US immigration agency flouting COVID-19 rules says report

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A new report published by Physicians for Human Rights (PHR) has accused US Immigration and Customs Enforcement (ICE) of ‘routinely ignoring its own COVID-19 safety rules’, resulting in significantly high infection rates across US immigration detention centers. The report states that social distancing measures are ‘impossible’ in many detention centers.


Meanwhile, the report highlighted unclean conditions, lack of hand soap and sanitizers and testing being unavailable – even for those showing COVID symptoms – as further contributing factors toward the spread of coronavirus in ICE operated detention centers.

According to the report, in some detention centers, even masks were considered a ‘rare luxury’ by inmates, while US immigration agents were issued with face coverings, but apparently refused to wear them.


Fifty former detainees interviewed

The PHR’s findings are based on the testimony of fifty former detainees held in US immigration detention centers who responded to a standardized questionnaire. Between them, the 50 respondents had been held in 22 different centers across the US, 13 of which are private facilities. 

The majority of respondents said that US immigration staff had ‘downplayed’ the severity of the coronavirus pandemic and in some cases didn’t even mention it to those detained.

According to ICE’s pandemic response guidelines, staff are required to inform detainees of safety procedures and highlight the risks of failing to follow them. However, the PHR report states that 42 of 50 detainees only found out about the pandemic through TV news broadcasts, while only two were told by ICE staff.

Furthermore, despite ICE’s own guidelines recommending distances of 6ft (1.8 meters) between detainees, social distancing was impossible in detention facilities. According to the PHR report, beds averaged just 2.87ft apart, while the average number of detainees sleeping in one room was 36.

One respondent said: “On the bunk beds, you could feel the other person’s breath on you.”

“After they started getting lawsuits, they [US immigration officers] told us to start sleeping head to foot,” said another respondent.


Transferred between centers

Despite the pandemic, detainees have routinely been transferred between US immigration detention centers without being tested for COVID, and added to the general population without any period in quarantine.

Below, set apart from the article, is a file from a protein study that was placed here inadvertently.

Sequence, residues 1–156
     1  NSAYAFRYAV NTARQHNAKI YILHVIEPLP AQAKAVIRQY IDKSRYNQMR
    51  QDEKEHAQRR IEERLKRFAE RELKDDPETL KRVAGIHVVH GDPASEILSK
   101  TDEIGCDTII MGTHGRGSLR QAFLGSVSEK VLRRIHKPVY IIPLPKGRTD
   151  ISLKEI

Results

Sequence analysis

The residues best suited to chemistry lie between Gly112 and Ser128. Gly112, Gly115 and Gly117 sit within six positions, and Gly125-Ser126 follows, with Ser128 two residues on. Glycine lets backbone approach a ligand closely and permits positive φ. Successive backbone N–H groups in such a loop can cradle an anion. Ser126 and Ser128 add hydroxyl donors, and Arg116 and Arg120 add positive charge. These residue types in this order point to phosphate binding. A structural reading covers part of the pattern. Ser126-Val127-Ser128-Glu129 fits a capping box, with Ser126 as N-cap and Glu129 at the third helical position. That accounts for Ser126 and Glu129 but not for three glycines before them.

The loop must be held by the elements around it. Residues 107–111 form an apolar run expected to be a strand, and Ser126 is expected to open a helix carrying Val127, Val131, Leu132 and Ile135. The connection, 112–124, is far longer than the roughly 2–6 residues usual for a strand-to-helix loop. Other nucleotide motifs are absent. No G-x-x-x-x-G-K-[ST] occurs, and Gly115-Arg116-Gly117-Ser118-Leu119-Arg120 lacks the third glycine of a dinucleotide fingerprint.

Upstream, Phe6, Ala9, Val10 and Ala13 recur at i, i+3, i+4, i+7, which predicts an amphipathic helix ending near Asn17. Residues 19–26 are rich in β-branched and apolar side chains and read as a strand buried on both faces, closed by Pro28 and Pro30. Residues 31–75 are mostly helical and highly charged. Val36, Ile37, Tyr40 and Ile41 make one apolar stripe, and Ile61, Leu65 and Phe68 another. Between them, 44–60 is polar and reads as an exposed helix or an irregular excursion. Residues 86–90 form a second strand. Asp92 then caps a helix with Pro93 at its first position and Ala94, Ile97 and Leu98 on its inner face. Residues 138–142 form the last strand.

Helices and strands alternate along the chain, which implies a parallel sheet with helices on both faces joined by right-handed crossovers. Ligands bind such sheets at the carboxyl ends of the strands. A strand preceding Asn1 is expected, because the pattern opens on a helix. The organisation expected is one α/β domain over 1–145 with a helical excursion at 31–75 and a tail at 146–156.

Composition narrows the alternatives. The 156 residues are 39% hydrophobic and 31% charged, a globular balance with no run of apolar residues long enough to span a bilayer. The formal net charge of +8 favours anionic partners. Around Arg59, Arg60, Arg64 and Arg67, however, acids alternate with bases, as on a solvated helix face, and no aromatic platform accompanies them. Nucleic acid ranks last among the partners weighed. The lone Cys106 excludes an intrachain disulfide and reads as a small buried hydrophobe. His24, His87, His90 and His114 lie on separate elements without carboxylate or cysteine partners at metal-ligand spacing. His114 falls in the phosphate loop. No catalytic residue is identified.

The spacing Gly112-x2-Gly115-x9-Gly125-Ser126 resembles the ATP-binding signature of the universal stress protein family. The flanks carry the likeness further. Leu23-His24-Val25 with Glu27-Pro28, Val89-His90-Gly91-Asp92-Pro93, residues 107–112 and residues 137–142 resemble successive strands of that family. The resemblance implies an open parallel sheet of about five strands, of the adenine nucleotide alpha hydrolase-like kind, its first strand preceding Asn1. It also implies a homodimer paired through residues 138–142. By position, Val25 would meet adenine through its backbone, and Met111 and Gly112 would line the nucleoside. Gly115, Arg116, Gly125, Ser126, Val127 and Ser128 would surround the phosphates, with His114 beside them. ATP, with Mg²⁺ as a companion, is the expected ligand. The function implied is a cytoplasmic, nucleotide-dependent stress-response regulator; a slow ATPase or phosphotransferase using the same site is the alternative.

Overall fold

The PHR report claims that transferring detainees was one of several punitive measures used against those who complained about the health risks of coronavirus. Some detainees displaying symptoms, who needed to isolate, were placed in solitary confinement.

The PHR report said: “The predictable result of ICE’s approach was an infection rate that between April and August 2020 ranged from 6 to 22 times the US average. Even this figure underestimated the true level, as testing was sparse. 

“Positivity rates were 47% in April and 18% in August 2020. As 2021 dawned, ICE was holding 16,037 detainees and had reported 8,545 infections,” the report added.


ICE supports Trump

ICE has widely been viewed as a ‘hotbed’ of Trump support and sparked criticism recently when it erected inflammatory billboards during the presidential election showing US immigration violators in the swing state of Pennsylvania. 

Campaigners and public health experts have urged ICE to release immigrant detainees amid the pandemic, in line with much of Europe, however the agency has repeatedly ignored requests and continues to arrest and detain people.

ICE has also been accused of spreading the virus on a global scale because of its continuing deportation of people without prior testing. An investigation launched by The New York Times and the Marshall Project in July 2020 revealed that 12 governments had reported that ICE had sent sick people to their countries.

In recent months ICE has been hit by a spate of resignations, with Tony Pham, appointed ICE acting director in August 2020, stepping down in December of the same year. Meanwhile his replacement, Jonathan Fahey, resigned after just two weeks in the job. Under the Trump administration, ICE has had six different acting directors.


Hunger strikes

Amid the continued rapid spread of coronavirus in US immigration detention facilities, many detainees are now staging hunger strikes in protest against the lack of protection against the pandemic.

One case, involving a French teacher who had taught in a Louisiana elementary school for 19 years, resulted in three weeks of detainment. Following release, the teacher immediately tested positive for coronavirus.

50-year-old, Djibril Coulibaly, had been in the US legally on a H1B visa, but a clerical error by his employers resulted in him being arrested and detained by ICE while leaving the school in which he’d worked for almost 20 years. He was warned that he faced deportation back to his native Mali. can help with US employment-based visas

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